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Wall Street Bombing - 1920 One of the least remembered terrorist attacks in American history occurred just past noon on Thursday, September 16, 1920 in the hub of America's financial center--New York City's Wall Street. An unattended horse-drawn wagon loaded with a bomb containing dynamite and 500 pounds of small iron weights was parked in front of 23 Wall Street. The corner building was then the headquarters of J.P. Morgan & Co., the nation's most powerful bank. At 12:01 p.m., the timer on the bomb reached zero and a terrific explosion rocked the street. The concussion from the blast was so severe that it derailed a trolley car two blocks away. Several hundred people were injured by flying shrapnel and broken glass falling from the surrounding buildings. There were 38 fatalities--most of whom were not major financial magnates, but average Wall Street employees: clerical staff and messengers on their lunch breaks. Anarchist literature was found nearby threatening violence unless unnamed political prisoners were released. No arrests were ever made in the case, but historians and crime buffs strongly believe the bombing was carried out by an anti-capitalist/anarchist named Mario Buda who fled to Italy shortly after the bombing and stayed there until his death in 1963. Buda apparently was motivated by the arrests of fellow anarchists Nicola Sacco and Bartolomeo Vanzetti earlier that year for the April 15, 1920 robbery of a Massachusetts shoe factory's payroll in which a security guard was killed. The only two deadlier terrorists attacks on American soil in the 20th century were the Bath School bombing of 1927 and the massive explosion at the federal building in Oklahoma City in 1995. Despite the passage of nearly a century, deep shrapnel marks from the 1920 explosion are still visible on the limestone facade of 23 Wall Street.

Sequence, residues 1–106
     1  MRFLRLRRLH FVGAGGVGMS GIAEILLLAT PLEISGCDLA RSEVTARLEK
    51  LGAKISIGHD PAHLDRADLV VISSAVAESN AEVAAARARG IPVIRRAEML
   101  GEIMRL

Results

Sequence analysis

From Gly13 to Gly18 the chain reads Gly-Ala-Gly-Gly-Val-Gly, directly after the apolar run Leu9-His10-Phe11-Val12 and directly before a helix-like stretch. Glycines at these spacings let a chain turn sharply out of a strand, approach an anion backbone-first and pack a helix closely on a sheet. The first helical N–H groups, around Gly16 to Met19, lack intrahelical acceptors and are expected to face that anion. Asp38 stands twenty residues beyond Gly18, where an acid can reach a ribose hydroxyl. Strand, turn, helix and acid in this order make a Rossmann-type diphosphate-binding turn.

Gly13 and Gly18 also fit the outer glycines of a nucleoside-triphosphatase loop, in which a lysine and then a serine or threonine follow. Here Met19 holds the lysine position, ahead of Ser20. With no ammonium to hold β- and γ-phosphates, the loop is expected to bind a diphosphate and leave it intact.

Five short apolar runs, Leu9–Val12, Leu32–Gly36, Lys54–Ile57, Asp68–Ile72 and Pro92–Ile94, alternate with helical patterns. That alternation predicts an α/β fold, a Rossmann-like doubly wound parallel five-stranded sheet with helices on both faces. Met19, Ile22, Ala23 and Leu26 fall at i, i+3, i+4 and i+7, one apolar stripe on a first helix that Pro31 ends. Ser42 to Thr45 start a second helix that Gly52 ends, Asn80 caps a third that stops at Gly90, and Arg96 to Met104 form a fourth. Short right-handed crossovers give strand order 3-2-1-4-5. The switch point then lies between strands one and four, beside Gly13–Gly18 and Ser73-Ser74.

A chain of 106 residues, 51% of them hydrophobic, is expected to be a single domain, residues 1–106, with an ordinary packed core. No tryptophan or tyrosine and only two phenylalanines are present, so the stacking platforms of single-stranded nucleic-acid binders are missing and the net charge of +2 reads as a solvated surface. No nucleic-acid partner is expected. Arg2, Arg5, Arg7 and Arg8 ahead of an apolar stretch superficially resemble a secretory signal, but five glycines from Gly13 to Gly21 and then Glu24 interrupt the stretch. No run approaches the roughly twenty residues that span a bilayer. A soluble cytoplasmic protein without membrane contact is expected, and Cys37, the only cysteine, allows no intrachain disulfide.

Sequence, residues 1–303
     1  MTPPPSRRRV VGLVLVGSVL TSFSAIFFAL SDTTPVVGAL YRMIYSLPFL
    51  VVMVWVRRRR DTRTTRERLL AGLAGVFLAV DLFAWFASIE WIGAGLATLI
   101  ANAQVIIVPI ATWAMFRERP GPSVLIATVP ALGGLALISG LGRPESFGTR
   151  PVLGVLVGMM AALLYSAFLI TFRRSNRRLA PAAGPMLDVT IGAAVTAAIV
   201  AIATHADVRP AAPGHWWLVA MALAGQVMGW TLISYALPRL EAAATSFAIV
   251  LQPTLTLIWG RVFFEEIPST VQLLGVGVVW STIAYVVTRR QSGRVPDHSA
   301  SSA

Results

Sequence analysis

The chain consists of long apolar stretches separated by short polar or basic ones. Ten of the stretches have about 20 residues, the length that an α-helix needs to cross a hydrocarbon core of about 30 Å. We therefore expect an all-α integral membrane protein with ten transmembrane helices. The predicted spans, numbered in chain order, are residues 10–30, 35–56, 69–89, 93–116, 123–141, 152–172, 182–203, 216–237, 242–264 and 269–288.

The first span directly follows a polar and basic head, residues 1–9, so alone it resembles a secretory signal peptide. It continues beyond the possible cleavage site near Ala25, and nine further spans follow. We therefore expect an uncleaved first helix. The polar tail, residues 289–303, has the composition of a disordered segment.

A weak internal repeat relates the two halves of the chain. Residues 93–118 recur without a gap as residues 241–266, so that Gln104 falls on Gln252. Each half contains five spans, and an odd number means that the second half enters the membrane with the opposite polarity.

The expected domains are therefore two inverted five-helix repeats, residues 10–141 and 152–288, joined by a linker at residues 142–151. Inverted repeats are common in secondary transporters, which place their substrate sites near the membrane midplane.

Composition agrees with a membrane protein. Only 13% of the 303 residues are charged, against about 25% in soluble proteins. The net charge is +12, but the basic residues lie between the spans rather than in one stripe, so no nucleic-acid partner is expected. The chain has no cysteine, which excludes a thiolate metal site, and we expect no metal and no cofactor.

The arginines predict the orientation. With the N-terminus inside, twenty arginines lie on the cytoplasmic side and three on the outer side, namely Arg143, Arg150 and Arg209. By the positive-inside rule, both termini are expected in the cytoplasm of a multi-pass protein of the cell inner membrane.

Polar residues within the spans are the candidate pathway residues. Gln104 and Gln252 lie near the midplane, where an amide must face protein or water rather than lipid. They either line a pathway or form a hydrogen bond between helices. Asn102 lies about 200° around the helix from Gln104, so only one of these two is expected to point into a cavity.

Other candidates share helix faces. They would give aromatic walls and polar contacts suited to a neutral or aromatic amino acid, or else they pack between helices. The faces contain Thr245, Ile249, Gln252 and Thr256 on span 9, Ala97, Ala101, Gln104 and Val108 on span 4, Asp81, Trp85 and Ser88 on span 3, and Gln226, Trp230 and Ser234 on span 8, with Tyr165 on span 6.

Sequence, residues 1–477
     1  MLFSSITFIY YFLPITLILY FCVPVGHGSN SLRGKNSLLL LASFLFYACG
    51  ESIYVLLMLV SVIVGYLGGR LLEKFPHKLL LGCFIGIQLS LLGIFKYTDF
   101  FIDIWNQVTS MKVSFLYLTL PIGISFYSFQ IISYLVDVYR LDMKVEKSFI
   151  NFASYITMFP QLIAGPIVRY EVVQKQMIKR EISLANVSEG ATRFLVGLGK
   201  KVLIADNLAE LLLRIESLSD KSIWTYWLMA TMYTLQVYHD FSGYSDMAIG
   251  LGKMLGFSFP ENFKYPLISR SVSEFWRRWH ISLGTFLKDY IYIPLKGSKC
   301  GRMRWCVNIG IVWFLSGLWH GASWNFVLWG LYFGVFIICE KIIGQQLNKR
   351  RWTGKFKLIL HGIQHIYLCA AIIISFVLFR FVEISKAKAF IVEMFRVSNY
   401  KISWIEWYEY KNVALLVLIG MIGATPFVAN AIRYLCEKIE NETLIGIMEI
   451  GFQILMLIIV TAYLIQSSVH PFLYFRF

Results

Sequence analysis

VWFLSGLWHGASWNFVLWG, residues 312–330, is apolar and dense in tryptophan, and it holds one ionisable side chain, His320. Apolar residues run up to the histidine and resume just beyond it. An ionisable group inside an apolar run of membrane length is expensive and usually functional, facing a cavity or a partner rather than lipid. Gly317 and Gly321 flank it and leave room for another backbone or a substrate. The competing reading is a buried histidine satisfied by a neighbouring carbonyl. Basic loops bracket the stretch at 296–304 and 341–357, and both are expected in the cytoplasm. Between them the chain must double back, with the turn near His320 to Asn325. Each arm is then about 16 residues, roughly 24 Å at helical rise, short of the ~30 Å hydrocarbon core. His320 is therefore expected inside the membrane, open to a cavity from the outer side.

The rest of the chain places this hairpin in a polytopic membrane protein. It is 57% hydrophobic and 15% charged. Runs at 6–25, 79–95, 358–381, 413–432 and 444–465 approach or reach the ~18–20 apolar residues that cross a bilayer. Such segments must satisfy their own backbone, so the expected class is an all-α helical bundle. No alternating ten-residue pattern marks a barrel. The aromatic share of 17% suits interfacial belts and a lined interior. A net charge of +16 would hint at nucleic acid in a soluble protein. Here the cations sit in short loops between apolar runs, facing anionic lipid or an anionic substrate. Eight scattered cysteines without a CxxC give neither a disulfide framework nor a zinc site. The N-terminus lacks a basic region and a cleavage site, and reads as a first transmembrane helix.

Tags: Wall  Street  Bombing  terrorism 
Added: 15th February 2016
Views: 1082
Rating:
Posted By: Lava1964
Black Tom Explosion 1916 Even though the United States was neutral nation in 1916, it was still occasionally affected by acts of war. The most notable to happen on land was the Black Tom explosion on July 30, 1916, in Jersey City, NJ. It was an act of sabotage by German agents to destroy American-made munitions that were to be supplied to the Allies in the First World War. Black Tom was originally a man-made island constructed around a large black rock in New York Harbor that was a well-known hazard to naval navigation. It was eventually connected by the Lehigh Valley Railroad to the mainland and was absorbed into Jersey City. It became a major munitions depot even before the war. Shortly after midnight on July 30, 1916, a series of small fires was discovered on the pier. Some guards tried to fight the fires while others fled, fearing an explosion. They had good reason to fear such a calamity as 2 million pounds of explosives and small arms were stored on Black Tom Island awaiting shipment to Czarist Russia. The feared explosion came; actually there were several explosions. The first and biggest occurred at 2:08 a.m. It had the force of an earthquake measuring 5.5 on the Richter scale. Flying fragments caused more than $100,000 in damages to the Statue of Liberty on its gown and torch. (To date, the torch has never been reopened to the public.) Windows 25 miles were shattered and the explosion was felt as far away as Philadelphia. Four people were definitely killed by the blast--including an infant. Some sources claim the fatality total was seven. Blame originally was directed at Black Tom Island watchmen who had lit small smudge-pot fires to drive away mosquitoes, but they were quickly absolved of blame when the true nature of the fires showed obvious evidence of arson. German saboteurs were blamed for the incident which caused $20 million in damages. The Leigh Valley Railroad successfully sued the German government after the war but had no success in collecting any compensation until 1953 when the West German government agreed to pay $95 million. The final payment was made in 1979.
Tags: Black  Tom  Explosion  1916  German  sabotage 
Added: 13th January 2018
Views: 577
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Posted By: Lava1964